A Guide to Crisis Management & Crisis Communications

Our team of online crisis management experts will help you control the narrative and mitigate the damage to your reputation.

What is Crisis Management?

Crisis management is a professional reputation management strategy that mitigates the damage caused by a public relations crisis. Crises like these often arrive unexpectedly, and when they do, online coverage spreads rapidly. News may go viral, including published content that is misleading, exaggerated, or intentionally falsified. The spread and endorsement of fake news has become a modern online epidemic, resulting in an increasingly misinformed general public. Whether you’re in crisis or not, it’s crucial to have an elite team in place who knows how to properly expand and improve your digital footprint, as well as implement a strategy to handle emergency situations with discretion and effectiveness.

Crisis Management in Eight Steps

1. Develop a plan

The most important tenet of crisis management is that it’s vital to have a plan in place before a crisis hits. Time is of the essence when it comes to a PR crisis, and most crises, by their nature, come with very little advance warning. The more work you do ahead of time, the better positioned you’ll be to adapt to the specifics of a given crisis.

Components of a Crisis Communications Plan

  • Defining a crisis: Your organization needs to clearly define what actually constitutes a crisis and what merits a crisis response.
  • Initial messaging: Before the full details of a crisis are apparent, you’ll need to issue a holding statement. You’ll need to fill in details specific to an individual crisis, but creating the framework ahead of time will allow your crisis communications team to quickly and effectively respond to unfolding events.
  • Clearly defined roles: Everyone needs to know exactly what their role is ahead of time, including who’s taking ownership of the crisis response, what higher-ups are expected to be the public face of the company, etc.
  • Clear action plan: Agility in a crisis is invaluable since the situation is so fluid, but it must be founded on a clear set of steps to take. That action plan is a foundation, not a prescription, and can and should be adapted as the situation warrants.

2. Control the controllables

By its nature, a crisis exists outside of your control. All the more reason to control what you can ahead of time so you’re prepared when something does arise. This takes a variety of forms: building out your owned web properties to ensure that you retain as much control of your brand image as possible; developing an ally network who can be leveraged before a crisis hits; and ensuring your crisis management plan is in place, ready to execute at a moment’s notice.

3. Build a crisis response team

Having the right people on a crisis response team–including key executives, PR professionals and social media experts–is critical, as is identifying the spokesperson or -people who will be speaking for your company or organization. An external partner is often helpful, as they can bring expertise you may not have in-house, such as online reputation management and SEO. They can also help train your spokespeople in crisis communications, and assist you in developing and executing your plan.

4. Understand how to reach people

When a crisis hits, you’ll have to respond through a variety of channels—from PR to social media to your customer email list—in order to get your message to the right people. Neglecting any of these channels can hamstring a crisis management effort, allowing bad news to spread unchecked.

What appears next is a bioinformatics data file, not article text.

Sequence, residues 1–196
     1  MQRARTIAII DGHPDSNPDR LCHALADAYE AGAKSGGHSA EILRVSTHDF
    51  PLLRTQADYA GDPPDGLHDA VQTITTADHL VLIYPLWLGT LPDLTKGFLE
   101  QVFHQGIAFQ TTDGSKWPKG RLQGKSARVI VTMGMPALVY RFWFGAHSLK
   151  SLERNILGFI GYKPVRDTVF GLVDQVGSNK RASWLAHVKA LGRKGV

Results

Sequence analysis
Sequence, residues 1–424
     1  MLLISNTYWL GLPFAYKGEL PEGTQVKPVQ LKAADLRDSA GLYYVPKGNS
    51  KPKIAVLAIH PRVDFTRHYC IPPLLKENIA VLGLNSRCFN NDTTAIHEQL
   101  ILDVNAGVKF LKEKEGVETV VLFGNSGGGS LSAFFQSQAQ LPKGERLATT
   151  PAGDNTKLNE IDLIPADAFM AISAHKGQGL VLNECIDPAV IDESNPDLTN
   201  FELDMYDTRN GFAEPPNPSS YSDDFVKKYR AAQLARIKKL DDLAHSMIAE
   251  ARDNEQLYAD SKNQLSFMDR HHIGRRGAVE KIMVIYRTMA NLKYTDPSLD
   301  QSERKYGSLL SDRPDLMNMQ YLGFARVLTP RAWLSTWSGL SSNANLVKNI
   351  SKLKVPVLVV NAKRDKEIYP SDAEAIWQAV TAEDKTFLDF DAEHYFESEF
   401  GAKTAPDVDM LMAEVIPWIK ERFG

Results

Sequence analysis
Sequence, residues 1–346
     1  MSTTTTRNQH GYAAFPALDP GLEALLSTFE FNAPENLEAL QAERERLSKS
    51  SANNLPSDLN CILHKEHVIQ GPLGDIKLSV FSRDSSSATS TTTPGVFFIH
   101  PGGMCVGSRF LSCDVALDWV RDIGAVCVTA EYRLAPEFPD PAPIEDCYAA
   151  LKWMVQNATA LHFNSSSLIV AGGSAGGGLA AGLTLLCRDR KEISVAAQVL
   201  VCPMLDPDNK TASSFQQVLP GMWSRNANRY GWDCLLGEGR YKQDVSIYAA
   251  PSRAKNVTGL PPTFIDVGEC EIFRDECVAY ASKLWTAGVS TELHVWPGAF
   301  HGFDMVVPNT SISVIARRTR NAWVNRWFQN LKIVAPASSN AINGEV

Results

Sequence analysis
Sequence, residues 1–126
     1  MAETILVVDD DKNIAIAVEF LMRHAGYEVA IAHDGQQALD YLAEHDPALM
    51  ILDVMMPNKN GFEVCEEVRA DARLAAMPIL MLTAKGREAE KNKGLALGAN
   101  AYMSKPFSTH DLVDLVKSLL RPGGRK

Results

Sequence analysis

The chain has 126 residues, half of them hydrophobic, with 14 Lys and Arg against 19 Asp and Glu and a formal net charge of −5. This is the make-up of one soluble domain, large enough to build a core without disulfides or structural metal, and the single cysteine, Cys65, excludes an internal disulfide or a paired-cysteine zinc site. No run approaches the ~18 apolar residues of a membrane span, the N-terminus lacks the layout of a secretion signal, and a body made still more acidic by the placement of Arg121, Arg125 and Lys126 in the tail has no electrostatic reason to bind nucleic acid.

5. Build a network of advocates

You can develop the right crisis messaging, but you’re dependent on other people to distribute it. Just as you must understand what channels to distribute your message, you need to cultivate groups of people who can help amplify it in response to a breaking crisis. These include:

Public relations network

Your PR network of journalists is critical for getting your crisis response out to the largest audience possible, especially if your crisis is playing out in the national media.

Ally network

Equally important is a network of allies who can come to your defense. This might include nonprofits or foundations where you have an active role, educational institutions, satisfied customers, and influential voices in your space with whom you’ve built a positive relationship.

Your own employees

Don’t overlook your own employees–each and every one of them can serve as an advocate for you. They need to know how to respond to a crisis, what questions they’re authorized to respond to, and who to refer questions to.

6. Anticipate crises/monitor the conversation

While it’s possible for a crisis to hit with no warning whatsoever, depending on the type of crisis you’ll likely have some sense of what’s coming, especially if it’s rooted in something internal, such as a poor earnings report or an upcoming layoff. Actively monitoring social networks and mentions of your brand, as well as the responses your customer satisfaction department is receiving, can help you anticipate a crisis as it bubbles up from the grassroots level, and perhaps fix the underlying issue before it becomes a full-blown crisis.

7. Rapid response/be proactive

Once the genie’s out of the bottle, it’s incredibly difficult to put back in–but rapid response to an emerging crisis is essential to blunting its impact. The longer a story is out in the world, the more time it has to take root and spread unchecked. If you’ve planned properly, it may be possible to proactively respond to an imminent crisis before it breaks, giving you more control of the narrative.

8. Keep stakeholders informed

It’s critical that stakeholders, such as your employees, customers, and investors, are up-to-date on your response to a crisis–and that they hear it from you, rather than the news.

Let’s Get Started

With the right crisis management team, recovery is not only possible, but your online reputation can be stronger and more secure than it ever was before.

How A Crisis Happens